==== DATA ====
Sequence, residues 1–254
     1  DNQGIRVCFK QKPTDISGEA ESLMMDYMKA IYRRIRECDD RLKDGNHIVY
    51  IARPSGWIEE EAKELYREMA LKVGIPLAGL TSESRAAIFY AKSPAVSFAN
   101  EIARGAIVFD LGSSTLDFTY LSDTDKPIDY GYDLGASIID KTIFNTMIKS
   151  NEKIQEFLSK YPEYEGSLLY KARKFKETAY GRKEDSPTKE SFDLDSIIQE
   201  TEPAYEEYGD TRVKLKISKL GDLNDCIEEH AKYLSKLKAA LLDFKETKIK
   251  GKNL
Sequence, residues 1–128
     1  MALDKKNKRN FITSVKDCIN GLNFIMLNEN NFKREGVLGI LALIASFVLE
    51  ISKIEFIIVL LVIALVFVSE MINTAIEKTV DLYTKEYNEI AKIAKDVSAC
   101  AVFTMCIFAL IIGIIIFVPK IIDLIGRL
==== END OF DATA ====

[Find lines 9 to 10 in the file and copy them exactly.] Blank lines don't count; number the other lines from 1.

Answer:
     1  MALDKKNKRN FITSVKDCIN GLNFIMLNEN NFKREGVLGI LALIASFVLE
    51  ISKIEFIIVL LVIALVFVSE MINTAIEKTV DLYTKEYNEI AKIAKDVSAC